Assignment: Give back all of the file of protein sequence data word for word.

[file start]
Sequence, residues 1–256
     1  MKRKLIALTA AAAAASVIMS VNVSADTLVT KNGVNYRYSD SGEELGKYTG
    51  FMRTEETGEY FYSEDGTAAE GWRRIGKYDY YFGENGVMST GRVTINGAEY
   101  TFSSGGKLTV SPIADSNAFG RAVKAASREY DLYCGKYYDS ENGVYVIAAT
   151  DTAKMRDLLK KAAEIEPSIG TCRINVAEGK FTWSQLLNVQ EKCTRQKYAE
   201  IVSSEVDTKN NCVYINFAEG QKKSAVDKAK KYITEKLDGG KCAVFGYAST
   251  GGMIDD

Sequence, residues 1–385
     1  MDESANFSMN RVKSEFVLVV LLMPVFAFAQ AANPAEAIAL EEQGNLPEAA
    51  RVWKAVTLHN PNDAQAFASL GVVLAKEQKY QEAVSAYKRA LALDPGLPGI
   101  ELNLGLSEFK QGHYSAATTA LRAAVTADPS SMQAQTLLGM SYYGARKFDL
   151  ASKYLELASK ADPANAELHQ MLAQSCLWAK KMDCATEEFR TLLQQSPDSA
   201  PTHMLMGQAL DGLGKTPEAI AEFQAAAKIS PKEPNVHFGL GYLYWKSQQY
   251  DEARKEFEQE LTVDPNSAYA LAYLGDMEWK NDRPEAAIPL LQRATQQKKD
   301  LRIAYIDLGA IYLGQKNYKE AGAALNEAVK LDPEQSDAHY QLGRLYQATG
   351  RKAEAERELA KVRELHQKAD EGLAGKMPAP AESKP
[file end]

Sequence, residues 1–256
     1  MKRKLIALTA AAAAASVIMS VNVSADTLVT KNGVNYRYSD SGEELGKYTG
    51  FMRTEETGEY FYSEDGTAAE GWRRIGKYDY YFGENGVMST GRVTINGAEY
   101  TFSSGGKLTV SPIADSNAFG RAVKAASREY DLYCGKYYDS ENGVYVIAAT
   151  DTAKMRDLLK KAAEIEPSIG TCRINVAEGK FTWSQLLNVQ EKCTRQKYAE
   201  IVSSEVDTKN NCVYINFAEG QKKSAVDKAK KYITEKLDGG KCAVFGYAST
   251  GGMIDD

Sequence, residues 1–385
     1  MDESANFSMN RVKSEFVLVV LLMPVFAFAQ AANPAEAIAL EEQGNLPEAA
    51  RVWKAVTLHN PNDAQAFASL GVVLAKEQKY QEAVSAYKRA LALDPGLPGI
   101  ELNLGLSEFK QGHYSAATTA LRAAVTADPS SMQAQTLLGM SYYGARKFDL
   151  ASKYLELASK ADPANAELHQ MLAQSCLWAK KMDCATEEFR TLLQQSPDSA
   201  PTHMLMGQAL DGLGKTPEAI AEFQAAAKIS PKEPNVHFGL GYLYWKSQQY
   251  DEARKEFEQE LTVDPNSAYA LAYLGDMEWK NDRPEAAIPL LQRATQQKKD
   301  LRIAYIDLGA IYLGQKNYKE AGAALNEAVK LDPEQSDAHY QLGRLYQATG
   351  RKAEAERELA KVRELHQKAD EGLAGKMPAP AESKP